DRUZHKIVKA, Ukraine — Ukrainian authorities have been sounding the alarm for months. The world nuclear watchdog agency warned of extraordinary risks this week. Then on Friday, artillery duels near a giant nuclear power plant on the Dnipro River in southern Ukraine created new security risks.
Explosions at and around the Zaporizhzhia nuclear power complex, the largest in Europe, around 2:30 p.m. destroyed power transmission lines and posed risks of damaging the plant, forcing engineers to alter the operation of one of its six reactors by reducing power, Ukraine said. said the state nuclear company, Energoatom.
Hours later, a second series of three explosions damaged an auxiliary building near one of the nuclear reactors, raising the risk of hydrogen leaks and fires, the company said.
Fighting has intensified in recent weeks near the nuclear complex, which the Russian military controls and is using as a fortress, even as Ukrainian engineers continue to operate it.
For about a month, Russia has used the site to carry out artillery strikes against Ukrainian targets without fear of retaliation, as the Ukrainian military cannot respond without risk of hitting security equipment, reactors or spent fuel storage facilities. Ukrainian officials say the Russians intend to disrupt a Ukrainian counteroffensive in the south of the country.
After explosions on Friday afternoon knocked out a high-voltage power line, plant operators cut output from one of the reactors. Previously, three of the plant’s six reactors were operational, two were on standby and one was undergoing planned repairs.
It was not clear whether the reactor whose operation was changed on Friday went into a standby state, said Dmytro Orlov, a former plant engineer who is now mayor of Enerhodar, where the plant is located.
“This is an unusual but not unpredictable event,” he said. “The staff was prepared.” She likened it to emergency response in the event a power line is damaged by a wildfire or other accident.
Energoatom, the state power company, issued a statement on the Telegram social networking site saying Russian artillery fire had cut the power line. “The Russian military again resorted to provocation,” the company said. He said an industrial space on the complex’s grounds was hit three times, hitting wiring and a transformer.
The statement said operators have cut output and disconnected one reactor from the power grid. “No releases of radioactive substances were recorded,” the statement said.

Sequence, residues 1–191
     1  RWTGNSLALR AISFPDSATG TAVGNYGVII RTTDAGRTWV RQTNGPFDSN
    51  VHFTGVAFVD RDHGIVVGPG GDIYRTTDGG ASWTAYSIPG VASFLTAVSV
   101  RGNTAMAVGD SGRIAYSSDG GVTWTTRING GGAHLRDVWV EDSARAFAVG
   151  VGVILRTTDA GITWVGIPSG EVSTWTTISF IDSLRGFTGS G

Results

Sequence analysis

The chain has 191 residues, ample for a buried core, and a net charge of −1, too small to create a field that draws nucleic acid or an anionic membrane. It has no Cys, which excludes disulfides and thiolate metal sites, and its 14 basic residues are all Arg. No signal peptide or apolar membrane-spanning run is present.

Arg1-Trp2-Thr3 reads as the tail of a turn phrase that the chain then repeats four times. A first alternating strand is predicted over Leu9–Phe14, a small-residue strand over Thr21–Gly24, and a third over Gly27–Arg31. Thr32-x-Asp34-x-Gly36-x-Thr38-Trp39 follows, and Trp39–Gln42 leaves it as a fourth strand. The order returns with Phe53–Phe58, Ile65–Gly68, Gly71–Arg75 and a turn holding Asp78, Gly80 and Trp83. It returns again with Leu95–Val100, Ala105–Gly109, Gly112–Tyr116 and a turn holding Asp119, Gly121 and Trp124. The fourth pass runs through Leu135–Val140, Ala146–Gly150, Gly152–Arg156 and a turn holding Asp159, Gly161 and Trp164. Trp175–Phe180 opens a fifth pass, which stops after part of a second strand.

Russian state media blamed Ukrainian forces for the explosions, reporting that they had started a fire.
Hours later, the energy company reported a second attack on Telegram, saying the Russians had fired three rocket-propelled grenades that landed near one of the nuclear reactors. The explosions, according to the statement, damaged an auxiliary building and a specialized station. “Fire danger is high,” the company said.
The International Atomic Energy Agency said it was aware of the reports and was seeking more information on the situation.
Ukrainian officials say they have little choice but to put up with Russian bombing. In July, Ukraine’s military intelligence agency said it had used a precision-guided “kamikaze” drone, which explodes on contact with a target, to destroy a Russian rocket launcher and air defense system located about 150 meters from a reactor, without damaging the reactor. itself.
The IAEA has warned of the serious dangers of the difficult situation of the plant. The cornerstones of nuclear safety, he said, are being removed from the plant even as it continues to operate. Among the shortcomings, he said, are a lack of physical security and regulatory oversight, which is now in limbo.
Britain’s Defense Ministry echoed those concerns on Friday. In its daily intelligence update, the ministry said Russian troops have “probably undermined the security” of the plant by using it as a base to “target Ukrainian territory on the western bank of the Dnieper River.”
Fighting around the compound in March had caused a fire that stoked global concerns about a possible nuclear accident.